E: When the Ecological Platform was created (in 2015), it was the second year of the war that Russia had started by occupying territories in eastern and southern Ukraine. Several of the former members of our initiative had been on that front for a while.
We’ve always maintained social networks, created content and other things in Ukrainian, including doing translations from Russian into Ukrainian. This has always been organic to us, but if you analyze it, it’s a way to maintain our local identity (not to blend in with the Russian content) and the visibility of the Ukrainian eco-anarchist movement.
P: Part of the anarchist and anti-authoritarian movement had been preparing for the invasion for months before it started. Did your group prepare for the war in any way? What were the positions within the collective about military action?
E: We prepared on an individual level, emergency backpacks and so on and so forth. We made contact with other anarchist and anti-authoritarian initiatives, and talked about places to stay and stuff like that. In general, we can not say that we were ready, in principle, it’s hard to be prepared for such things, but we had thoughts about going to war. So that’s what happened.
P: As far as we remember, part of the activists of the Ecoplatform went to the Lviv military. At the same time an anti-authoritarian platoon was being formed in Kiev. Have you ever thought about joining the anarchists in Kiev?
E: We did. There were certain difficulties with that, although one person got in. Another part of the activists went to Odessa, and the rest started volunteering.
P: Now some of the activists were on the front line – can you tell us a little bit about the path from the Lviv defense to the fighting in Eastern Ukraine? How did you end up there, how many people from the Ecoplatform are now fighting with weapons against Russian imperialism?
E: There were difficulties with registration in Lviv, especially for women.
During the first days a lot of people rushed to sign up, that’s why we didn’t stay here long. One activist was in an anti-authoritarian platoon, later took part in the liberation of Kharkov region, the rest were in the south. We cannot give the exact number of people.
P: How does an anti-authoritarian fighter’s day go? Do you allocate time for political conversations, or everything is fully occupied with military affairs?
E: Yes, when there are no combat missions and the situation allows, in addition to everyday life, we periodically talk about political topics, about veganism and so on.
P: How do the other soldiers feel about your political views?
E: We have a pretty good reputation here, because we try to demonstrate solidarity, mutual assistance and self-organization through interaction with other branches in practice. Of course, not everyone here believes in a life without hierarchy and oppression, but to a certain extent we popularize anarchist ideas, including through discussions.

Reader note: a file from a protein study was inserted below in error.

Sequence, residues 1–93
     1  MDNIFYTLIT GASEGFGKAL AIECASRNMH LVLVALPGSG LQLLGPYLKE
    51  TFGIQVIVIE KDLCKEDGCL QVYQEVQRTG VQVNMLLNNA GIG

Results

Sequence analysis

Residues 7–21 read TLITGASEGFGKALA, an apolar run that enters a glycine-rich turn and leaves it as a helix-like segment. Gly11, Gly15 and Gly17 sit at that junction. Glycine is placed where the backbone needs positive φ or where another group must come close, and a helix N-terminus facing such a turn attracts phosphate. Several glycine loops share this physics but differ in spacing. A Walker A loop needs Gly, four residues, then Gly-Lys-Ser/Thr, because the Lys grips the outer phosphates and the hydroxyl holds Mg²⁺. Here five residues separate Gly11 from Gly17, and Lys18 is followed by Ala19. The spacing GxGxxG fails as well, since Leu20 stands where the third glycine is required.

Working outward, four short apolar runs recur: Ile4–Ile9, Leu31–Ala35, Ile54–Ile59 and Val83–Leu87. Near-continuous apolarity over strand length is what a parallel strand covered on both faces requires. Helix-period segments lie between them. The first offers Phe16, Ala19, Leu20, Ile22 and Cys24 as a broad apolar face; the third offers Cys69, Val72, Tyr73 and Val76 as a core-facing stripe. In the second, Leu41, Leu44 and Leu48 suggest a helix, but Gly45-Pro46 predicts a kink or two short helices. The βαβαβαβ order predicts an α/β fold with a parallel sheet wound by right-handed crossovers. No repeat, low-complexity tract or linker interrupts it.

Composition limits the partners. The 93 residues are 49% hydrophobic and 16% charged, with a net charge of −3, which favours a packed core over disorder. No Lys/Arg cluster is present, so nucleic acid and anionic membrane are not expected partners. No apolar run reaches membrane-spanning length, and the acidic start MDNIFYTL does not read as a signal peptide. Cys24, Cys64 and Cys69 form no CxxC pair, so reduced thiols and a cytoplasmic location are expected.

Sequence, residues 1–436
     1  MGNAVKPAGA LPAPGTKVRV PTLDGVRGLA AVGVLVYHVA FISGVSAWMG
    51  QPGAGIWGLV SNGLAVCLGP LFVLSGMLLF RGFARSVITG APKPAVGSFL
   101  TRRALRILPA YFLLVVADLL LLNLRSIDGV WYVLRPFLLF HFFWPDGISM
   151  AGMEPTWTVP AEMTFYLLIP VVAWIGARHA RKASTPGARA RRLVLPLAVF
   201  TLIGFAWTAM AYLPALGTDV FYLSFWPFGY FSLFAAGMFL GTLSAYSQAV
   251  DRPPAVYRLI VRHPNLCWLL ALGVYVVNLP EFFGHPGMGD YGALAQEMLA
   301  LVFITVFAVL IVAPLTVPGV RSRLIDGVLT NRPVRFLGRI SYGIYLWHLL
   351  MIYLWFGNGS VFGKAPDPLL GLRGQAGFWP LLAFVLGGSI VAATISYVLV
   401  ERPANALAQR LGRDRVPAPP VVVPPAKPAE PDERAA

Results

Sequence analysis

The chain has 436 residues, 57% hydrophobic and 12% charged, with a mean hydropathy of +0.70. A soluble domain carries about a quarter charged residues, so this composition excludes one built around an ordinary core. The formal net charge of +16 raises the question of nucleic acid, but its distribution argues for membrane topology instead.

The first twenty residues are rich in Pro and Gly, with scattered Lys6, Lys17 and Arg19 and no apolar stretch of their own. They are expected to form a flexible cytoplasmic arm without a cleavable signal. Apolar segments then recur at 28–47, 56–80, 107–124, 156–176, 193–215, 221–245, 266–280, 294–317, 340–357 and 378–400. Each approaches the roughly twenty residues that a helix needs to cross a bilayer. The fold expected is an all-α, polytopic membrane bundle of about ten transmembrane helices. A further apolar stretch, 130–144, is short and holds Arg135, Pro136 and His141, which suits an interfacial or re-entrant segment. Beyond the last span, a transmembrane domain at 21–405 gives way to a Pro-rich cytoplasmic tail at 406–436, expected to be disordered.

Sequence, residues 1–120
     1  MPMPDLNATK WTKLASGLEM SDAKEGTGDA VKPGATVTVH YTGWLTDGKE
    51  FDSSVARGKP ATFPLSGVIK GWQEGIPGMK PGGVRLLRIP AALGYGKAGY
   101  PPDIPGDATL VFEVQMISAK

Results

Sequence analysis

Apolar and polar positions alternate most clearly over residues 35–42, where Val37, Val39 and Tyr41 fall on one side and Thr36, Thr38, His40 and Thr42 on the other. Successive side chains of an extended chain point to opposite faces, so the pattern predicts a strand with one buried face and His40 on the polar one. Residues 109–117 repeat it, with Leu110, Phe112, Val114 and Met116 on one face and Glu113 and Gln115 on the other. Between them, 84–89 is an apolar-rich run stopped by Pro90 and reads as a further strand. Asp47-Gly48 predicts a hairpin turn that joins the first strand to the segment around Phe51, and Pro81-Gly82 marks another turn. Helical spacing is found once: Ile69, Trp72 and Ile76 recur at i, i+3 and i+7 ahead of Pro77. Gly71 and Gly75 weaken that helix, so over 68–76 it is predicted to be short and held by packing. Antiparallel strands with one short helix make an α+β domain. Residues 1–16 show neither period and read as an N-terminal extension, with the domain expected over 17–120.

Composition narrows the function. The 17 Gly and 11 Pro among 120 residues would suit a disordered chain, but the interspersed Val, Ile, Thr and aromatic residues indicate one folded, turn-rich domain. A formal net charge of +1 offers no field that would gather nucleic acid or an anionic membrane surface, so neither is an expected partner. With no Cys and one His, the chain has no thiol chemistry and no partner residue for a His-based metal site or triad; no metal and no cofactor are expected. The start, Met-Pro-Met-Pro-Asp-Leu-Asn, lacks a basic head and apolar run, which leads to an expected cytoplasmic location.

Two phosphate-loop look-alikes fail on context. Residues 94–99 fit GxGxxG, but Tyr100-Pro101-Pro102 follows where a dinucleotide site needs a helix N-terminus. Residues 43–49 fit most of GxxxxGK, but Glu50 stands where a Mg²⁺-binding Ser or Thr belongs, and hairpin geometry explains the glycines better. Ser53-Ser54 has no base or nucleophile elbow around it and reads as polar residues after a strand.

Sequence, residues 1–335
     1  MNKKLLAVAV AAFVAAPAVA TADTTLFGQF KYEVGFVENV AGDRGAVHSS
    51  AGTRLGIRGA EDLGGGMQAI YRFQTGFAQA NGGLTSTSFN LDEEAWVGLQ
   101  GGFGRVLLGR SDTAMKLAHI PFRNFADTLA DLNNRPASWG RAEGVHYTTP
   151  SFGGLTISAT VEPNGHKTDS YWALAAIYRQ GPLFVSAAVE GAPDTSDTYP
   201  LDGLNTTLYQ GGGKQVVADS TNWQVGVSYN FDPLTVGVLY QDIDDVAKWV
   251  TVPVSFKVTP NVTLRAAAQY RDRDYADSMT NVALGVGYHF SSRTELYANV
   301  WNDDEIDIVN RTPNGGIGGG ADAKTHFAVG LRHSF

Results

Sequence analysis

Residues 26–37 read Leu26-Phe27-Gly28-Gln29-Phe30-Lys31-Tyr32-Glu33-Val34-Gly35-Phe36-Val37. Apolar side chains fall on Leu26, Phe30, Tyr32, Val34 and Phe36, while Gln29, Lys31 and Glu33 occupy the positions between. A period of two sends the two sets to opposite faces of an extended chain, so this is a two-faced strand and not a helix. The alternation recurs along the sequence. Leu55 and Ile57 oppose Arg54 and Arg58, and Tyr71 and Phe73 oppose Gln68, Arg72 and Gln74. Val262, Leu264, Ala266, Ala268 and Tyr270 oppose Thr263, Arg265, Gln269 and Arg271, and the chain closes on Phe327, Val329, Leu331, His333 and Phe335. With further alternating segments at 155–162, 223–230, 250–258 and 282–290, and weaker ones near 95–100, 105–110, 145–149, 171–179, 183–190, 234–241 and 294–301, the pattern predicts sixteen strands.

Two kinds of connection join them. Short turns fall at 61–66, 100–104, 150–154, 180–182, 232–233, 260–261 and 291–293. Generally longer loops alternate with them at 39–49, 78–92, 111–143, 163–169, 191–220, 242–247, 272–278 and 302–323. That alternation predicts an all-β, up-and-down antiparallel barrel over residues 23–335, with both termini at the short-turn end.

P: You were among those who took part in the liberation of Kherson – can you tell us a little about that experience? How did you feel when you entered the city, how did the locals react to you and how important was it to you personally?
E: Generally speaking, the main task we had in Kherson was mop-up operations. We worked together with the marines. In addition, we provided help to the locals, food, medicine, moral support. People were intimidated by the presence of Russian forces, who would often beat or shoot someone. In addition, our drones were constantly working, helping to correct the artillery, and medics, as they were constantly evacuating the wounded. And entering Kherson itself was more of a symbolic act, to talk to the locals. The locals were mostly very happy, crying, asking to sign somewhere, either on flags or on jackets. There were some dissatisfied, of course. But on the whole they were waiting for us.
P: Now you are collecting money for a pickup for your squad. Some in the West wonder why the Ukrainian army does not provide equipment for its soldiers? Can you explain to these comrades what are the reasons for numerous crowdfunding of this kind?
E: Regarding such equipment as machines, it should be understood that they are expendable material. They often fall into disrepair because of shelling, mines, or banal some of the machines are simply not suitable for off-road work, even in the winter season. For this reason, of course, the army can not constantly provide machines, and we have to rely on ourselves. In short, it is expendable, but it is necessary.